“Now is the time for us to make trucking and the transportation supply chain, in general, regardless of what side of it you're on, attractive, and it's a good thing for us to do to continue to promote the supply chain.”
Highlighting the overall need to grow and provide more food to keep up with feeding our growing population, a participant expressed that trucking might play an even bigger role in the supply chain going forward. And with a severe shortage of truckdrivers and mileage bands shrinking in popularity, some participants noted that there is a need to creatively promote the profession to the younger generation and to women as an attractive career option. It was emphasized that the messaging should focus on the value of a trucking career, the importance of the profession, and the flexibility it can provide to a variety of lifestyles.
One participant inquired about the possibility of attracting more trucking companies to join IFPA and attend our trade show because there are many grower-shippers and packers looking for truckers. Ed pointed out that most of the trucking companies IFPA members use to haul produce are one-to-five trucks, so they’re very small. That’s why the truck brokers are very valuable, because they have connections with the trucking companies. Another participant suggested IFPA look for ways to provide more resources and create more connections with and for trucking companies, perhaps by collaborating with the American Trucking Associations.
With trucking rates elevated, whether due to fuel, or because of capacity issues, another participant noted the need for information sharing in order to put true metrics to trucking costs.
“If members shared unbiased trucking data in a segment of our industry that has many biases, it would be very valuable to IFPA members.”
Supply Chain of the Future
Participants were asked to predict what the supply chain of the future could look like.
Food Safety and Traceability
Although food safety and traceability are already crucial issues, especially in retail, traceability, food safety audits and increased transparency about our food will only become more vital and in-demand in the coming years. Companies must look to become more agile and responsive and change business patterns based on supplier claims. It was noted that traceability starts with knowledge and info sharing.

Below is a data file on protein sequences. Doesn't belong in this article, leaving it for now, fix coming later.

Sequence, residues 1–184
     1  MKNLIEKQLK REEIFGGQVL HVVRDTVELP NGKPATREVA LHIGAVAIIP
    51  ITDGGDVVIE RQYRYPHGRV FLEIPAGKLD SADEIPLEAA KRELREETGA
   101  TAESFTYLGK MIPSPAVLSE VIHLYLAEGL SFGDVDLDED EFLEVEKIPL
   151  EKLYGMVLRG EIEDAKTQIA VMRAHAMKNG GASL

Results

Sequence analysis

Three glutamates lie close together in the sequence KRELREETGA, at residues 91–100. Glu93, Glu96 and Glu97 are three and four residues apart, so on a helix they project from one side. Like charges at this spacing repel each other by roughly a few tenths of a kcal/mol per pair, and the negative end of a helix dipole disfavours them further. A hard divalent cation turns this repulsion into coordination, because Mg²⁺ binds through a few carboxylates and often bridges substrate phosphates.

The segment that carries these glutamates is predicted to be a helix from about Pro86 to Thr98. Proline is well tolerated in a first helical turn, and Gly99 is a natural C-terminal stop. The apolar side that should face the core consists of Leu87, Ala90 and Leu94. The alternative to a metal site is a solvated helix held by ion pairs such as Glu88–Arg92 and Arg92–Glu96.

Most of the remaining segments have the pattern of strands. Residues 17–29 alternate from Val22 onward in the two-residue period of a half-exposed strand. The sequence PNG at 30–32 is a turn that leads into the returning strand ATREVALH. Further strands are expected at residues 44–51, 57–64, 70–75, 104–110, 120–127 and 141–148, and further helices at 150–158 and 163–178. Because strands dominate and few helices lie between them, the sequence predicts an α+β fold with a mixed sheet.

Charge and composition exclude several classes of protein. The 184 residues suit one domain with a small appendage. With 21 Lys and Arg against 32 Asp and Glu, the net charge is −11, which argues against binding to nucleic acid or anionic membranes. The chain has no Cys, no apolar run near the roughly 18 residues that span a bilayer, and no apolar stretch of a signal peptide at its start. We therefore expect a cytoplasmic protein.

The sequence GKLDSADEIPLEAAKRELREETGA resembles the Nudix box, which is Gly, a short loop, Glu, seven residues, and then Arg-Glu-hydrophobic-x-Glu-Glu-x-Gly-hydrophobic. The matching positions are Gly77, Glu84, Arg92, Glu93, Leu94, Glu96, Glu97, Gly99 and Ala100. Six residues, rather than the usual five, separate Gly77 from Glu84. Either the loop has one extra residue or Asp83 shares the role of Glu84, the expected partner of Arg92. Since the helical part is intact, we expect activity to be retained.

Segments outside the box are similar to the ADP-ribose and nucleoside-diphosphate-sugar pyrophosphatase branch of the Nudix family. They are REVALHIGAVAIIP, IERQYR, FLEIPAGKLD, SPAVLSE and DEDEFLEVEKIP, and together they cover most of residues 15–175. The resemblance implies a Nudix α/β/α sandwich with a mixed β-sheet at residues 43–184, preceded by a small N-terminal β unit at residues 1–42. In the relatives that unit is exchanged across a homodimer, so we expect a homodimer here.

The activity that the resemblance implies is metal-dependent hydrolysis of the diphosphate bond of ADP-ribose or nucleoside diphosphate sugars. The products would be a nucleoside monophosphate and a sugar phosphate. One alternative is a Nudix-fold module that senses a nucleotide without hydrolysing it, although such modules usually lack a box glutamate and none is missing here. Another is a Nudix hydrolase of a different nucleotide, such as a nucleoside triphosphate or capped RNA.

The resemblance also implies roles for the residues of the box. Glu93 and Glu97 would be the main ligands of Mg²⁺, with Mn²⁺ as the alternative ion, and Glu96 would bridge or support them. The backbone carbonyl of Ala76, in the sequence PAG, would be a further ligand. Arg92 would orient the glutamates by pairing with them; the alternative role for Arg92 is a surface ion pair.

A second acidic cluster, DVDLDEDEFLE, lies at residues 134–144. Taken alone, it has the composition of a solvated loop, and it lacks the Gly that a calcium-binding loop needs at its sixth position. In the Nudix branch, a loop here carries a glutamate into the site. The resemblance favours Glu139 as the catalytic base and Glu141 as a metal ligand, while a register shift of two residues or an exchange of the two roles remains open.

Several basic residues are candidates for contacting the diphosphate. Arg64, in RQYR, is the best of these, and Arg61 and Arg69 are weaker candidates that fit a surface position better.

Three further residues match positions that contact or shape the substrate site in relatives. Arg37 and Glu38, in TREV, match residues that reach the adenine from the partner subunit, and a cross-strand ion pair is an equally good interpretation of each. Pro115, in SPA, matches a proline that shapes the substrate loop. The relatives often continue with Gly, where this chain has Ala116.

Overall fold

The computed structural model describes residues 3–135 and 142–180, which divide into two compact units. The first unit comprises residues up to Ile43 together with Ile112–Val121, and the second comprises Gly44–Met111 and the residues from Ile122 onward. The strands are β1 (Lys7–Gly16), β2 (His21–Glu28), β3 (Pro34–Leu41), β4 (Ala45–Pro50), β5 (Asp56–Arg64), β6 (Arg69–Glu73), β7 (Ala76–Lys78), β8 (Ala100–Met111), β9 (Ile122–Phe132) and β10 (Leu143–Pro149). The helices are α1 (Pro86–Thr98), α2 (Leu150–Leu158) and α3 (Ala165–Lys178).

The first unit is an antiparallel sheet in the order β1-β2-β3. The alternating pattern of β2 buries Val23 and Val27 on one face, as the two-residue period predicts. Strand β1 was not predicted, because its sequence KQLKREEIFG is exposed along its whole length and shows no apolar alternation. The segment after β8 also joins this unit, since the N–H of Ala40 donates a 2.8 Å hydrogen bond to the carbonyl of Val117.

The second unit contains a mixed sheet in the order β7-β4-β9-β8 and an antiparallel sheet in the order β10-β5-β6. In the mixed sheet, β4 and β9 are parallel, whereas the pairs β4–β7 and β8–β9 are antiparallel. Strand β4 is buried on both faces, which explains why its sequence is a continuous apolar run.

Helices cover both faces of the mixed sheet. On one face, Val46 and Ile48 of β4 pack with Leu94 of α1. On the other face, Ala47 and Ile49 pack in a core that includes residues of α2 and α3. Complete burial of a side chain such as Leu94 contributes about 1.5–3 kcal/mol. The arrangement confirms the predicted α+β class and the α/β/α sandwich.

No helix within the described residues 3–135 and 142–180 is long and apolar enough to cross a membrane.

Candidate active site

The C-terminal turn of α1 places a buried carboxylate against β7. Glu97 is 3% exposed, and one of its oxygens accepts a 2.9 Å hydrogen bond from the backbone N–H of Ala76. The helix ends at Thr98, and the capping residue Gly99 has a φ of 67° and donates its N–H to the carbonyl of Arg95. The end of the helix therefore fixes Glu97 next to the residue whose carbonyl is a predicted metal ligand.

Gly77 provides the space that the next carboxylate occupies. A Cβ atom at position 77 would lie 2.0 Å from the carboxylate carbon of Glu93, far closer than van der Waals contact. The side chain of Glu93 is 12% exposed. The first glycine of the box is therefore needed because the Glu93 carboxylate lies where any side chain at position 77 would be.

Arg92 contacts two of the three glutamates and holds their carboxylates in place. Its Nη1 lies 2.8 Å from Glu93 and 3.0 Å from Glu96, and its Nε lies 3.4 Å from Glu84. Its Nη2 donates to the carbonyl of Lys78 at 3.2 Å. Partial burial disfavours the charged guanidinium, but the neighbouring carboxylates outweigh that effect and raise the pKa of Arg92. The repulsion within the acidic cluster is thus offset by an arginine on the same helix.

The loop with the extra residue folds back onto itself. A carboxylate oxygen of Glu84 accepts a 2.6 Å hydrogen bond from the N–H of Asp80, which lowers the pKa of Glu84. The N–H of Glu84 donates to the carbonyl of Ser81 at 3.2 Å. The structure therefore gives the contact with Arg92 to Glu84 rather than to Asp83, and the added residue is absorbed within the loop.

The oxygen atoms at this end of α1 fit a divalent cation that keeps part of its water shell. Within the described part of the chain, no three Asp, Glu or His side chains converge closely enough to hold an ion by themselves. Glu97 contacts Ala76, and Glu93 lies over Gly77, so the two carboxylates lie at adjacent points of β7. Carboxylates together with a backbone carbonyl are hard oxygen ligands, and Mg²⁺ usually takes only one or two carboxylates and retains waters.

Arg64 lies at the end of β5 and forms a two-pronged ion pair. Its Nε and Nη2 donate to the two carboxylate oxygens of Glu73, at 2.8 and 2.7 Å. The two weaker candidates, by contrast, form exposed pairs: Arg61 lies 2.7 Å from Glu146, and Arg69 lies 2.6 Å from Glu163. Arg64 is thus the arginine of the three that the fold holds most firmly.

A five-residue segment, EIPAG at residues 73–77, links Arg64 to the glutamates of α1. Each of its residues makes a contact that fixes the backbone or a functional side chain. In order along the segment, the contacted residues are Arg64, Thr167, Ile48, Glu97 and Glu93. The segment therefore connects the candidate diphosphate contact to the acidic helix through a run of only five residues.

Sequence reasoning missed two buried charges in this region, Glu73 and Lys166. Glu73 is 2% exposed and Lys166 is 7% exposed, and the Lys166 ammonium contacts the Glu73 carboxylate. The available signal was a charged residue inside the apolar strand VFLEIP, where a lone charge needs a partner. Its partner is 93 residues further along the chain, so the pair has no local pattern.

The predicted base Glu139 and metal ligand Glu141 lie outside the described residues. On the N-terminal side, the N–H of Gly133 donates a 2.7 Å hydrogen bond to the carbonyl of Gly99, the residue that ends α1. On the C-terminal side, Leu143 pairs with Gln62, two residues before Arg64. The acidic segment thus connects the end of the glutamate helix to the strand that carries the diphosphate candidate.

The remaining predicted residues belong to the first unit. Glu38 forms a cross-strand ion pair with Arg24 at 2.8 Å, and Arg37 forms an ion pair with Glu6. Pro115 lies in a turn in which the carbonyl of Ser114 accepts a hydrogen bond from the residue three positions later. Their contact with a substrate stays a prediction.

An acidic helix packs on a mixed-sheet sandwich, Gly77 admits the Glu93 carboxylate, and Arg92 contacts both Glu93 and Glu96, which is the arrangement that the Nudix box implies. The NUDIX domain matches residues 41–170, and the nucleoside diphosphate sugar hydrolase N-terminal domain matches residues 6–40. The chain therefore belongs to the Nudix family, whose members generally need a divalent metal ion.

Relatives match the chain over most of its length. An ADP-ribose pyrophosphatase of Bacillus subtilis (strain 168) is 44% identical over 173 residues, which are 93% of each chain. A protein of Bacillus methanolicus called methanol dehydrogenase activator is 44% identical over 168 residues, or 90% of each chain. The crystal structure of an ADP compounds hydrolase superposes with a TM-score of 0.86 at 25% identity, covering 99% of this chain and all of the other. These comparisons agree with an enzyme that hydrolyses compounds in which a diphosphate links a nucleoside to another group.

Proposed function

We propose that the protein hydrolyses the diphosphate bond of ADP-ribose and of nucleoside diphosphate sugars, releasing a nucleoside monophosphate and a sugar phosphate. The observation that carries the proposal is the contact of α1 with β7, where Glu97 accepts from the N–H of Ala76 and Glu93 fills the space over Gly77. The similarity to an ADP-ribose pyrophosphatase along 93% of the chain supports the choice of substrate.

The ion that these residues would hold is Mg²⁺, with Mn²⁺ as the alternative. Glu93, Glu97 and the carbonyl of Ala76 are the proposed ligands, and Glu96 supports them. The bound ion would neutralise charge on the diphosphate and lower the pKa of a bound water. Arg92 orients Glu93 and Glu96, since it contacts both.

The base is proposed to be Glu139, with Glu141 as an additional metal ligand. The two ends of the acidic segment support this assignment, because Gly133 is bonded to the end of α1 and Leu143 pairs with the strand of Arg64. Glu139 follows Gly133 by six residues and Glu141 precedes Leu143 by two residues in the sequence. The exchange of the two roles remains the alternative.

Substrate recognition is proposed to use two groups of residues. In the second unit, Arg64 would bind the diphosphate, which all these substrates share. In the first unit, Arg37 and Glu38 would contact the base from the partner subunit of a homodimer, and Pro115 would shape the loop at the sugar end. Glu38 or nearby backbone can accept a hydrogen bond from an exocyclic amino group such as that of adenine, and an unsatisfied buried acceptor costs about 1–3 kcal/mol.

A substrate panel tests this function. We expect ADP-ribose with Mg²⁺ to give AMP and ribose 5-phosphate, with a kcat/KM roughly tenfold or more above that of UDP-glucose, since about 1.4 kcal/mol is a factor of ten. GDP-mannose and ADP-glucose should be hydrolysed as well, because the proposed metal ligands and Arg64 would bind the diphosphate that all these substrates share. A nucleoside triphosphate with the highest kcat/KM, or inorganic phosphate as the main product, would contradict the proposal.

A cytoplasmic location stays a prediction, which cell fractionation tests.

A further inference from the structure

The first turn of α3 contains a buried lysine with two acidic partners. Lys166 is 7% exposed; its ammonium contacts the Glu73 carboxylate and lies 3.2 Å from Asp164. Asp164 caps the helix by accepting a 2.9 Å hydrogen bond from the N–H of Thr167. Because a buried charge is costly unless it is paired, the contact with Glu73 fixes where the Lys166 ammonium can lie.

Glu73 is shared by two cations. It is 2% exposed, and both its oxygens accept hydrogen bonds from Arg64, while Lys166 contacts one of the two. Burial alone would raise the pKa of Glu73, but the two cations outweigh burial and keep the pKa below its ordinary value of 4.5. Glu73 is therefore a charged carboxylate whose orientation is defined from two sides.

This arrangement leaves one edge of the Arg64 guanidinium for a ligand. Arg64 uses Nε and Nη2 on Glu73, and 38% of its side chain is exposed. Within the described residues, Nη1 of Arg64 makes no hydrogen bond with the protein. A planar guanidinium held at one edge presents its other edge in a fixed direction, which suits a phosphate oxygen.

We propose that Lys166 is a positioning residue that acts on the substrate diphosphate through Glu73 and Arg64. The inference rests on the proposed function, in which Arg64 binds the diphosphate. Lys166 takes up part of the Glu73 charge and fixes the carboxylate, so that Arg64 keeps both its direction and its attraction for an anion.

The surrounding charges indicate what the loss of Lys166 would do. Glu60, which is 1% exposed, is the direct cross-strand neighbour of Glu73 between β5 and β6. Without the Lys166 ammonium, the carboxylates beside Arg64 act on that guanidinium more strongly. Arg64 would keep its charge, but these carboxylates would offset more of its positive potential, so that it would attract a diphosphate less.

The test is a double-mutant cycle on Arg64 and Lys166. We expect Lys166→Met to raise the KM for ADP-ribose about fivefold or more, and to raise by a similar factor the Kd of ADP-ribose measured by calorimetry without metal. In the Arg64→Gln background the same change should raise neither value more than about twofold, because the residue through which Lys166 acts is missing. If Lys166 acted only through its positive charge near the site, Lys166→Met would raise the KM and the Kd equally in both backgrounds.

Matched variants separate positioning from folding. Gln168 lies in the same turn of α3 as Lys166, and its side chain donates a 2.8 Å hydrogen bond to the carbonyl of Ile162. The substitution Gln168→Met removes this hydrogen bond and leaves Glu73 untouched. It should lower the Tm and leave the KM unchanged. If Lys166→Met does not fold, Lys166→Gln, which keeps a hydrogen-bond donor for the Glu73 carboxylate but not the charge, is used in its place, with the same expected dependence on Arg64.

Data and information sharing
“There will continue to be disruptions, but those that remain agile and leverage insights from data, those will be the ones that survive. And I think how they’re going to do that, is we’re going to see a transition from a buyer-seller relationship to trading partners, more focused on working together to solve problems.”
While companies may be hesitant to share data and info due to privacy and data ownership concerns, one participant believes data ownership is not the main focus. Instead, the value lies in the license to use data and the insights that come from the knowledge exchange to help companies remain agile.
Continued rise of the digital supply chain and transparency
One participant noted the value of a digital supply chain and the resulting increased supply chain transparency from end to end. With supply chain visibility, partners will be better able to plan, react, and make decisions. When there is a change in the supply chain, companies are able to adapt in real-time and ensure all relevant parties receive updates.
Growth of Controlled Environment Agriculture (CEA)
A participant thinks the CEA space will only continue to grow and will help provide some relief to the water and land situation. Companies will figure out how to grow even more commodities in greenhouses.
With no end in sight to labor shortages, it was widely agreed upon that technology and automation will play an even bigger role in the future, with autonomous trucks named specifically.
Unprecedented patterns of consumer spending and how it ties in with convenience and culture will continue to be monitored.